There are both supply-side and demand-side barriers to financial inclusion. The most common supply-side barriers are non-availability of suitable products, physical barriers and non-eligibility on account of documentation issues. Demand side barriers are financial literacy and financial capability. Government paperwork, legal hurdles, travel distance and market failures are key barriers. But there is the recognition that most of these barriers can be overcome through the implementation of better policies.
Benefits of a cashless economy
In a cashless society, consumers can make their payments on the internet, at unmanned vending machine, manned POS (Point of Sale)-using mobile devices, smart cards and other cards like debit and credit cards. Innovations in technology have greatly assisted financial inclusion in Sub-Saharan Africa and South Africa. With innovations like mobile payment, mobile banking and borrower identification using biometric data, providing access to financial services has become cheaper and more secure. According to some studies, if the regulators allow competing financial service providers and consumers to take advantage of technology, the power of this new technology can be harnessed for the purpose of greater financial inclusion.
Studies have shown that with digital transactions, transaction costs will reduce since the money spent in transit will automatically become negligible. Studies have also shown that digital transactions help reduce the burden and risk of carrying excess cash.
Transparency in transactions reduces the black money in circulation. Moreover, digital transactions remove the possibility of physical money being stolen and help the government be aware of people who come under different categories of income tax.
Challenges in India for a cashless economy
Recent data reveal that since demonetisation, the usage of digital transactions increased for a month, but dropped in January by 10% even though the economy has not been fully remonetised. Only 30% of the population is connected to the internet and the system often faces outages. According to a senior National Payments Corporation of India official, only 25 million of the total 100 million who became users of digital transactions stayed users.
A survey conducted by Bill and Melinda Gates Foundation in 2014 found that only 6% of Indians were aware of mobile money existing and only 0.3% of people responded by saying that they have used it. Gender too acts as an important category in the case of mobile phone penetration. The same survey found that though mobile penetration in India is high, women are less than half as likely to own a phone. Sixty-eight percent of men and 32% of women nationally owned phones. In some states like Haryana and Uttar Pradesh, men are three times as likely to own a phone as opposed to women. Altogether, it was concluded that mobile money awareness was the highest among urban men. Similarly with use of bank accounts, urban males actively use the accounts more than urban females. Rural women are least likely to use their accounts. These urban-rural and male-female disparities need to be reduced in order to make this a successful programme.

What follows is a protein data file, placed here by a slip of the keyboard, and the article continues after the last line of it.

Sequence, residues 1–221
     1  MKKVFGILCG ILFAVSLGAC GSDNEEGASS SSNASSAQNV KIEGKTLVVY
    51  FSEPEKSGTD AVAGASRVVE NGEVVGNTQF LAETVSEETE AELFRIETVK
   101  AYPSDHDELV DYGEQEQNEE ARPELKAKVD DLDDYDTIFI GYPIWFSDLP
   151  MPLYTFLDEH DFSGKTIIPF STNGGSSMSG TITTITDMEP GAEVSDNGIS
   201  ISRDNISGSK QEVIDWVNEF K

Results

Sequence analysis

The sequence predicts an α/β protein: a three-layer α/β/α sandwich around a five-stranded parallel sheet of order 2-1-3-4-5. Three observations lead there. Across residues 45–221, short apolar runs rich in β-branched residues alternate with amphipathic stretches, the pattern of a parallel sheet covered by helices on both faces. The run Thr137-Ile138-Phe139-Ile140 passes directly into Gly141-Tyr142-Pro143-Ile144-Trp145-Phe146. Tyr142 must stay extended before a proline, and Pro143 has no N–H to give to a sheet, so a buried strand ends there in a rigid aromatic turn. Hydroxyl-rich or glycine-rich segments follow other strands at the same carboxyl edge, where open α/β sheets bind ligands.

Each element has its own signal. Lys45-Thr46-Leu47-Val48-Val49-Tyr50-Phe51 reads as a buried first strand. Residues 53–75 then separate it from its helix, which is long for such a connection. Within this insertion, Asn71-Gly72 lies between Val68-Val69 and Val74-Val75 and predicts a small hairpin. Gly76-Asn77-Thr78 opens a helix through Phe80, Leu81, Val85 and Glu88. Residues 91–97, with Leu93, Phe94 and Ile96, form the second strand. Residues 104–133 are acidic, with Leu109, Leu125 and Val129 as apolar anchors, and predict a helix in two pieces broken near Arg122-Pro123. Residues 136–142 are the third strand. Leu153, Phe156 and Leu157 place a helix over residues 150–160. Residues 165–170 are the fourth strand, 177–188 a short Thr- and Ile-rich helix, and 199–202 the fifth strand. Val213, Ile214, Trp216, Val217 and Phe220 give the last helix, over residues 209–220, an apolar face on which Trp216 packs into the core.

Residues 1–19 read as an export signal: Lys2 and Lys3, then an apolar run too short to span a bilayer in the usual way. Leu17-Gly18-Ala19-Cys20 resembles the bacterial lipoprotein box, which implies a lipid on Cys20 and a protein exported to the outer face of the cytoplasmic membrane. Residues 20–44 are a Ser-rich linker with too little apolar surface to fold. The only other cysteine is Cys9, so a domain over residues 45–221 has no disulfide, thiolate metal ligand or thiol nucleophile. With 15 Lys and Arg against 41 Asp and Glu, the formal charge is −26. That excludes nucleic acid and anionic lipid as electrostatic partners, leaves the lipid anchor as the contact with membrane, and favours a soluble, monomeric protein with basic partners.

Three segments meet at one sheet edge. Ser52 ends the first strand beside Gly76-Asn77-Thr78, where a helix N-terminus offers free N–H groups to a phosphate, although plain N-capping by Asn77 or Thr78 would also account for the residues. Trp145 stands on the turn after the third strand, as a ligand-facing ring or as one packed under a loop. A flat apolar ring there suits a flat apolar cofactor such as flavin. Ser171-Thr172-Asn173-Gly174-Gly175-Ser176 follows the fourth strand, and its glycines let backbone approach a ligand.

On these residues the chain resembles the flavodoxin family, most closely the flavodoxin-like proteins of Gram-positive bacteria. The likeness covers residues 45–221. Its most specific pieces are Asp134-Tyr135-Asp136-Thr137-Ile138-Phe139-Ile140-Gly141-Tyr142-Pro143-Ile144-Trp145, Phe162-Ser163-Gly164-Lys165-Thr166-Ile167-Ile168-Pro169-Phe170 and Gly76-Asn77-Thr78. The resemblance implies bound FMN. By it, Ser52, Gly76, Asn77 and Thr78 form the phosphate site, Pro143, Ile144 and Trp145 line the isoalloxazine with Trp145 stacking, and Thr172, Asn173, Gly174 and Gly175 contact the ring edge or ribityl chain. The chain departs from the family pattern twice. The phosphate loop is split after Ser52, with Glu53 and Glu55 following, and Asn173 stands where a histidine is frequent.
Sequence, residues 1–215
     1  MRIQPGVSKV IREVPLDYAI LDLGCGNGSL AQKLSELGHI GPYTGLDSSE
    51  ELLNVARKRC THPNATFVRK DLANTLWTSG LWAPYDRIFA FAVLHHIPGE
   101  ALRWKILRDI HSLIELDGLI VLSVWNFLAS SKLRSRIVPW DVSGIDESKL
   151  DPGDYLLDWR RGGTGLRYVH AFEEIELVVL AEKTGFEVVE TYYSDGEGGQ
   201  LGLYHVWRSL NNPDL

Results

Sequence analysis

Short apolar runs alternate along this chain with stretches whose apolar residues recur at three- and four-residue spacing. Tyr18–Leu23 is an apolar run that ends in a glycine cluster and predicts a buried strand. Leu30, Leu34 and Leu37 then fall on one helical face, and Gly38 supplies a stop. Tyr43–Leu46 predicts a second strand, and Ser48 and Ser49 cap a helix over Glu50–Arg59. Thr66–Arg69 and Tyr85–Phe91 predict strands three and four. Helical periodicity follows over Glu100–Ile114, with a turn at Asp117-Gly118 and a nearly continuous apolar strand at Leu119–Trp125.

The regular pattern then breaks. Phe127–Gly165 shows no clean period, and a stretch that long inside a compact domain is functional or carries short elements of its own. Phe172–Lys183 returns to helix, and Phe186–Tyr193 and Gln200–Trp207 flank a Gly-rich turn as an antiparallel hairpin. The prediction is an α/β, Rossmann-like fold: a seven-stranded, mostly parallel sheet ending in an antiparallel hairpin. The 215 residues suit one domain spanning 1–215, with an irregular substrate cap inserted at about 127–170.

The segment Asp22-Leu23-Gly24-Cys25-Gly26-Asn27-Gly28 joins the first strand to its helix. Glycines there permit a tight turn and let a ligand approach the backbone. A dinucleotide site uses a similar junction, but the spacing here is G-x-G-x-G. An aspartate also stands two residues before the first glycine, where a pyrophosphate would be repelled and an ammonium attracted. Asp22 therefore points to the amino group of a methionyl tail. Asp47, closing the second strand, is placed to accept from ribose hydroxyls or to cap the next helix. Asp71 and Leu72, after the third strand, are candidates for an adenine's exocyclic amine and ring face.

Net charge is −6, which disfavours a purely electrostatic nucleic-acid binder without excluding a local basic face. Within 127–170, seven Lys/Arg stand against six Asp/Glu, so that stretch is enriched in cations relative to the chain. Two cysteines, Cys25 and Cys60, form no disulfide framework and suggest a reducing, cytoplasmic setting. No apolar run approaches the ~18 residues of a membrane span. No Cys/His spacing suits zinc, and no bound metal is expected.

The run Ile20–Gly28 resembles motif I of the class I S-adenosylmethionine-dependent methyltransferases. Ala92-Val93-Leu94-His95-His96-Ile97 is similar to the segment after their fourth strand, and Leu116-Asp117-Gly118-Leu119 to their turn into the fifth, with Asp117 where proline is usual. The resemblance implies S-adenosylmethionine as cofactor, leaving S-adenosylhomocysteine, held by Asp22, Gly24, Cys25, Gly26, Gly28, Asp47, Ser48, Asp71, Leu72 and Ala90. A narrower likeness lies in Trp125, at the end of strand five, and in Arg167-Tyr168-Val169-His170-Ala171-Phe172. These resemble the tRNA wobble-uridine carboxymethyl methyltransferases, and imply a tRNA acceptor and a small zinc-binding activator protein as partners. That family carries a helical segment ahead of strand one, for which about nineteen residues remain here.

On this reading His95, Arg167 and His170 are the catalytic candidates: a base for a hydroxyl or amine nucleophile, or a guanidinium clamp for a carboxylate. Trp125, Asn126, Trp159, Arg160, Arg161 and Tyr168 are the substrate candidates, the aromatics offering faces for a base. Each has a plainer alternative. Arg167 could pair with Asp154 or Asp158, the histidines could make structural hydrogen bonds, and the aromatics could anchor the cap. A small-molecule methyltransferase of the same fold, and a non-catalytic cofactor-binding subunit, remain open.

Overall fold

One interesting and positive turn is that migration has assisted women in having bank accounts, since the male migrant worker usually transfers the money to either his mother or wife.
Smartphones are still expensive for a large portion of the population like auto rickshaw drivers, mechanics and others working in the informal sector. Till December 2016, 350 million smartphones have been bought in India. Internet data is still expensive, despite the costs coming down due to market competition. Because of the few number of people using digital transactions, the need for shifting to cashless methods is not felt by the informal sector or even the formal sector.
The government should also focus on making the internet more secure so that digital transactions are safer. Reports suggest that 2017 will see an increase in internet fraud which needs to be curtailed through different measures. The last year saw 3.2 million debit cards getting hacked due to outdated systems.
For a smooth transition to a cashless economy, the government will need to ensure that the largely cash-dependent informal sector in India is assimilated into the system. The use of cash is still high in India despite the general increase in digital transactions and financial inclusion. Through the use of mobile phones, last-mile banking problems are expected to disappear. Affordability of smartphones and internet connectivity to informal labourers are still in question. Without informal labourers having access to suitable financial products and awareness on them, digital financial inclusion and a cashless India will remain a dream. Though ‘Digital India’ and a cashless India could help push the Indian economy to become more transparent, the infrastructure needs to be in place and institutions need to make the option of going cashless more economically viable to the average Indian. Considering that the per capita income of India in 2015-16 was merely Rs 94,178 and that over 90% of the total workforce depends on cash transactions, the task of removing barriers to digital financial inclusion cannot be undermined.